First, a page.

Interactive Cardiovascular and Thoracic Surgery 11/2011; 14(1):68-71. · 1.11 Impact Factor
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    ABSTRACT: Magnetic resonance imaging (MRI) in patients with implanted cardiac prostheses and metallic cardiovascular electronic devices is sometimes a risky procedure. Thus MRI in these patients should be performed when it is the only examination able to help with the diagnosis. Moreover the diagnostic benefit must outweigh the risks. Coronary artery stents, prosthetic cardiac valves, metal sternal sutures, mediastinal vascular clips, and epicardial pacing wires are not contraindications for MRI, in contrast to pacemakers and implantable cardioverter-defibrillators. Appropriate patient selection and precautions ensure MRI safety. However it is commonly accepted that although hundreds of patients with pacemakers or implantable cardioverter-defibrillators have undergone safe MRI scanning, it is not a safe procedure. Currently, heating of the pacemaker lead is the major problem undermining MRI safety. According to the US Food and Drug Administration (FDA), there are currently neither "MRI-safe" nor "MRI-compatible" pacemakers and implantable cardioverter-defibrillators. In this article we review the international literature in regard to safety during MRI of patients with implanted cardiac prostheses and metallic cardiovascular electronic devices.
    The Annals of thoracic surgery 06/2011; 91(6):2006-11. · 3.45 Impact Factor
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    ABSTRACT: Vasa vasorum (VV) are microscopic vases that perfuse the vessel's wall; arteries and veins. Many recent researches support the opinion that VV have a significant role in aortic pathology. The VV, or 'the vessels of the vessels', form a network of microvessels that lie in the adventitia and penetrate the outer media of the host vessel wall. Although the importance of the VV in providing nutritional support is not well known, obstruction of blood flow through these vessels has been implicated in the pathogenesis of many cardiovascular diseases such as aortic intramural hematoma, aortic aneurysm, and acute or chronic aortic dissection. Although the proliferation of VV due to atherogenic stimuli is controversial, experimental and clinical studies strongly suggest the potential of VV in vascular proliferative disorders. It seems that the rupture of VV is implicated in intramural hematoma, which can develop in acute aortic dissection. In this review article, we would like to stress the anatomy and mainly the pathophysiology, and the implication of VV in the acute and chronic aortic pathologies.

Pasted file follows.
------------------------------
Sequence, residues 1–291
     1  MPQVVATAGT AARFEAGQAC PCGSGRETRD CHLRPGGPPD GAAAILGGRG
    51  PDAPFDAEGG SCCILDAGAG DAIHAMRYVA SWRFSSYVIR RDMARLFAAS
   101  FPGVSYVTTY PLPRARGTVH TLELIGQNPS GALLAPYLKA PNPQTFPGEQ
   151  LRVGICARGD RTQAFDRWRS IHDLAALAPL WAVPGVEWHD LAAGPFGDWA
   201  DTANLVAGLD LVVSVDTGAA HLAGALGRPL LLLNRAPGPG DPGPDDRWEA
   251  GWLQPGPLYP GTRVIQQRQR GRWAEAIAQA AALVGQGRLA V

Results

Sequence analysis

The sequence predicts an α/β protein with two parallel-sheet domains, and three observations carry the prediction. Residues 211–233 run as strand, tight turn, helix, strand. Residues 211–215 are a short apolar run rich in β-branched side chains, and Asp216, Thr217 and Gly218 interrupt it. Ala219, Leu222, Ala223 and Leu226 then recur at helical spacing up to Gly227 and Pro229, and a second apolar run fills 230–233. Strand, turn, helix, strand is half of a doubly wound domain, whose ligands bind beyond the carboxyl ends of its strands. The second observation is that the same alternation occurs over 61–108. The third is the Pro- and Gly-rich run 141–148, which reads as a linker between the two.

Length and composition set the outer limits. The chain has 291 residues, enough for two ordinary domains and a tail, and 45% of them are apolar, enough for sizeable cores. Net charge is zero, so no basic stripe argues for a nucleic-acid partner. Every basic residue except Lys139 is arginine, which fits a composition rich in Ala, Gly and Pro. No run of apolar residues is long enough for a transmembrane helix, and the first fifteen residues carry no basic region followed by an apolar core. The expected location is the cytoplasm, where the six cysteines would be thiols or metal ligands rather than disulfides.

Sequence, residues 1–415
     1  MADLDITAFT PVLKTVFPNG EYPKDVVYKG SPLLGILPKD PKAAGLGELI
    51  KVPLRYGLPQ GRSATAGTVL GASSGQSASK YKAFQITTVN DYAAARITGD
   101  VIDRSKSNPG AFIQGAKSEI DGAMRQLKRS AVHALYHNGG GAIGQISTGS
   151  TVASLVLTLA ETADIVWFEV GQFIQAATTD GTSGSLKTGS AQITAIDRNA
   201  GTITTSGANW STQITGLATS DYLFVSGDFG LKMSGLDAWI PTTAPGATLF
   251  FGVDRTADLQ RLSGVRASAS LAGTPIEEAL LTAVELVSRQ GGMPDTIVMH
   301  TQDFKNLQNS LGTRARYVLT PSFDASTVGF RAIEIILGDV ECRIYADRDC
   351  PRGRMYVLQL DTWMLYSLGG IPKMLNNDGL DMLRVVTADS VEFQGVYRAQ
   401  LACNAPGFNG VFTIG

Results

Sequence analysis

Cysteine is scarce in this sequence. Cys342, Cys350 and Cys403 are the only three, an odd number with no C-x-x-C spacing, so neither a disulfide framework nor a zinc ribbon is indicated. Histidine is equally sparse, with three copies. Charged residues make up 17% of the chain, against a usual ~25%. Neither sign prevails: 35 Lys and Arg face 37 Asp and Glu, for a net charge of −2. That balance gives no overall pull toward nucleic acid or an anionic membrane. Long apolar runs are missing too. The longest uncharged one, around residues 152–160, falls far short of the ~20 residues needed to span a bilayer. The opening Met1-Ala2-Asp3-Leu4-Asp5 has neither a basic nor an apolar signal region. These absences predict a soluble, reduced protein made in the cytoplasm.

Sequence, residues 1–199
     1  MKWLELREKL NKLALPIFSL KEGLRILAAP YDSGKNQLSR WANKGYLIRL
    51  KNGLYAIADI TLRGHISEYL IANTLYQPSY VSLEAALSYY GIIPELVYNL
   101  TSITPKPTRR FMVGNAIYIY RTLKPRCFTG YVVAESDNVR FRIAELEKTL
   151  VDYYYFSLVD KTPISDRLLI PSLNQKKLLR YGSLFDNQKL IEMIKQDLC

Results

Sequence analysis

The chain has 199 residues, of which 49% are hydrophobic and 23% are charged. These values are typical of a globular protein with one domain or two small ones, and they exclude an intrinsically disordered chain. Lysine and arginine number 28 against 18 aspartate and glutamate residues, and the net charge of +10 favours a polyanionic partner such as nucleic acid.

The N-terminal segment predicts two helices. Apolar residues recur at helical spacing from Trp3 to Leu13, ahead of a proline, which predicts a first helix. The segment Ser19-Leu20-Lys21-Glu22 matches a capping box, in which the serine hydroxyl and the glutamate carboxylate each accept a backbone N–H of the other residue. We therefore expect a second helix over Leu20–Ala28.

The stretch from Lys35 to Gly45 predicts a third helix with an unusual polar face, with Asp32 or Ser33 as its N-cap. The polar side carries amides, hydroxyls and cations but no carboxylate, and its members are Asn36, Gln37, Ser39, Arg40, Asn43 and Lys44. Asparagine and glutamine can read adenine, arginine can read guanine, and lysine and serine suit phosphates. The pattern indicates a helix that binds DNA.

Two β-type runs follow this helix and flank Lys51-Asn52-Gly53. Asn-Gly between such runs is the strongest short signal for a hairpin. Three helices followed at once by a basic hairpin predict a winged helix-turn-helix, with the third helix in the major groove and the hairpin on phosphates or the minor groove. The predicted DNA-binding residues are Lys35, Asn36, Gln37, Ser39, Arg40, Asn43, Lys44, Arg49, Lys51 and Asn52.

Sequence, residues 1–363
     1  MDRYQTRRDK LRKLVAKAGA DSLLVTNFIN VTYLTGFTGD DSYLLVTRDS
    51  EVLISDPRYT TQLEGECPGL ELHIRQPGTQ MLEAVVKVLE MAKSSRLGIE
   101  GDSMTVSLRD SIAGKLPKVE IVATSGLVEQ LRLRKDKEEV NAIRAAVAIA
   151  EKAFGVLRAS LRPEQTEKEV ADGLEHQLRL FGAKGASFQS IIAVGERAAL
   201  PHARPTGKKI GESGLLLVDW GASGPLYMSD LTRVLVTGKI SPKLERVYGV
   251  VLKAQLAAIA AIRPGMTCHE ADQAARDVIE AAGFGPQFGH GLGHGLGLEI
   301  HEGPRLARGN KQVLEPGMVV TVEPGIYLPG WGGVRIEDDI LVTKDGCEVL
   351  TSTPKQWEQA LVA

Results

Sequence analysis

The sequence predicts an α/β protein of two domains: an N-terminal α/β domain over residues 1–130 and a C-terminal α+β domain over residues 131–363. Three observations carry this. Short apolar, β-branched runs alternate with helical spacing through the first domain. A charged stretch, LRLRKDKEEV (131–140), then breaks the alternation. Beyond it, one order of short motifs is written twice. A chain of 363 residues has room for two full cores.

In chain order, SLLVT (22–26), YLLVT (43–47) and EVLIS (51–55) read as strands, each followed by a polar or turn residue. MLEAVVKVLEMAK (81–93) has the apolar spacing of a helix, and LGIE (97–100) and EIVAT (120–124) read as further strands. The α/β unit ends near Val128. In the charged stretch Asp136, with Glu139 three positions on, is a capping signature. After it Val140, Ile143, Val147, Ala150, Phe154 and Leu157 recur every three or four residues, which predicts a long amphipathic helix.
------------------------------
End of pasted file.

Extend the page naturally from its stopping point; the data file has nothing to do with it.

European journal of cardio-thoracic surgery: official journal of the European Association for Cardio-thoracic Surgery 01/2011; 40(2):412-7. · 2.40 Impact Factor
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    Hellenic journal of cardiology: HJC = Hellēnikē kardiologikē epitheōrēsē 52(1):41-51. · 1.23 Impact Factor

Publication Stats

26 Citations
24.18 Total Impact Points

Institutions

  • 2014
    • Hospital Agioi Anargyroi
      Kēfissia, Attica, Greece
  • 2012–2014
    • University Hospital of Ioannina
      Yannina, Epirus, Greece
  • 2011–2014
    • University of Ioannina
      • • Division of Cardiac Surgery
      • • School of Medicine
      Yannina, Epirus, Greece